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Deputy PM calls for improved UK security surveillance transparency

Nick Clegg is calling for improved transparency and “strong, exacting, third-party oversight” of intelligence agencies in the UK.

The Deputy Prime Minister says that in light of recent disclosures by whistleblower Edward Snowden regarding mass surveillance by the US National Security Agency (NSA) and corresponding UK organisation GCHQ, it is crucial to establish the correct balance between privacy and national security.

An independent committee was commissioned by Clegg to review internet surveillance operations in the UK after Prime Minister David Cameron remained unconvinced that new regulations for the internet age are required.

The Royal United Services Institute will open the review, which according to Clegg, in an interview with the Guardian, will be supervised by “a panel of experts with backgrounds in technology, civil liberties, and intelligence work.”

Speaking about privacy and security in the internet age at the Royal United Services Institute, Clegg suggested that security agencies follow the example of private sector companies, the like of Microsoft, Google and Yahoo, which according to the Telegraph publish annual transparency reports.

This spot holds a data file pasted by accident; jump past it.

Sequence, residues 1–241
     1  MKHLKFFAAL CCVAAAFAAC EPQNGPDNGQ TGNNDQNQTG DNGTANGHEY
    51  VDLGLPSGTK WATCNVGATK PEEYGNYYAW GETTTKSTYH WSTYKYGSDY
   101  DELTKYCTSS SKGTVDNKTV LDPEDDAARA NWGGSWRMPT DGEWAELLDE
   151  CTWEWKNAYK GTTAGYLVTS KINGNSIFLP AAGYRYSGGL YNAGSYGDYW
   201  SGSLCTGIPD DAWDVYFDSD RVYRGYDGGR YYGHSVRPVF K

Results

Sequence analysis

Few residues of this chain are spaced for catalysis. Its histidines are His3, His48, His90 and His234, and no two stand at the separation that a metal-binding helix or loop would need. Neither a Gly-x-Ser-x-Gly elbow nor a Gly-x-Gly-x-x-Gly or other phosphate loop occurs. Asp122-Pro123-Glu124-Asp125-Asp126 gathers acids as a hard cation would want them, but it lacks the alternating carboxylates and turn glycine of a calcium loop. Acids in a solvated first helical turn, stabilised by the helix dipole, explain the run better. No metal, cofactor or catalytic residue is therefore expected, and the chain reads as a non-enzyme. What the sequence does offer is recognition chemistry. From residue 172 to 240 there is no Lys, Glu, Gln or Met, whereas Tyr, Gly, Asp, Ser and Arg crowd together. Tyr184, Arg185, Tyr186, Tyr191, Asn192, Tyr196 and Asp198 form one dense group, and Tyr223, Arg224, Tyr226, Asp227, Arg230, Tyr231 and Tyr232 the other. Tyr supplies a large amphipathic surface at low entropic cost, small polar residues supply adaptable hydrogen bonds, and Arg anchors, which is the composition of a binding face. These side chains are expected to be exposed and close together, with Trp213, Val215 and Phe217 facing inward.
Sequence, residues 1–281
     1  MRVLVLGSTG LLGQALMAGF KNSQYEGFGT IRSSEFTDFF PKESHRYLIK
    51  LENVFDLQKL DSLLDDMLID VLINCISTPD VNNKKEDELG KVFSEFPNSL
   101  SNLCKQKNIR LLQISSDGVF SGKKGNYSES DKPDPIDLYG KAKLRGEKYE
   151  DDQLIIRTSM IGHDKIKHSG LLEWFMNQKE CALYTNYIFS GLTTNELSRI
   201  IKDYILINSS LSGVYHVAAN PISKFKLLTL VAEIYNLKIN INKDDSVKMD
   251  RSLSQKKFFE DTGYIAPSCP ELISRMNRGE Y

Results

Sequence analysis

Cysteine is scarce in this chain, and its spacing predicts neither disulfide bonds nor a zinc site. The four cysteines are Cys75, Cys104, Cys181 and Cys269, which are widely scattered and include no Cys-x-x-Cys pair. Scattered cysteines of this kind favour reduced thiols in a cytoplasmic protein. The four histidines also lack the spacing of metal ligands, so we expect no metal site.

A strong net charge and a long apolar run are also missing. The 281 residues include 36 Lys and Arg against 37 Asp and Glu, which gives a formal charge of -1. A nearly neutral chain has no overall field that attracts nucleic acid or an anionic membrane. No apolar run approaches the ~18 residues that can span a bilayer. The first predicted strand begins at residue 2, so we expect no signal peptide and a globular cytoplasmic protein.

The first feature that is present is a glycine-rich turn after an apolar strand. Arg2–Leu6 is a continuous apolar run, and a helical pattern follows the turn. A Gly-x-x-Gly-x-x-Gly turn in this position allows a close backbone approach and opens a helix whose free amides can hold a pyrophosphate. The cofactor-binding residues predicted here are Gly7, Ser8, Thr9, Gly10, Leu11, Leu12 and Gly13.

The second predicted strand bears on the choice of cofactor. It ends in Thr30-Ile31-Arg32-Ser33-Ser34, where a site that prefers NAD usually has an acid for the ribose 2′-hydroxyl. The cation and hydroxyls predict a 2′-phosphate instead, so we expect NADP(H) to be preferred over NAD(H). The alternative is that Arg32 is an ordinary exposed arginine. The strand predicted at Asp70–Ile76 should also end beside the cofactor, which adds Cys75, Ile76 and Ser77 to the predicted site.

Such reports would need to include details of any requests made under the Regulation of Investigatory Powers Act (RIPA) for access to the communications data retained by telecoms companies and internet service providers, enabling visibility of which agencies request data and why.

Clegg commented: "Secrecy is essential for the agencies to conduct their operations but, if blanket secrecy becomes an unthinking default response, then public trust will suffer." The assumption should always be for openness where possible, secrecy where necessary."

In addition Clegg has called for greater supervision of the parliamentary Intelligence and Security Committee (ISC), which in the past has been condemned for not holding UK intelligence agencies to account for being too familiar with the government.

He believes that privacy is fundamental to a free, unbiased and open society, but this is impossible if people live in fear of who might be keeping tabs on what they write, where they go or with whom they keep company.

In the Guardian article, Clegg expressed that his coalition partners are not yet in agreement with these ideas, but his fellow Lib Dems are determined to continue to advocate their introduction both within government and without.

By Andrew Miller

Image by Thinkstock

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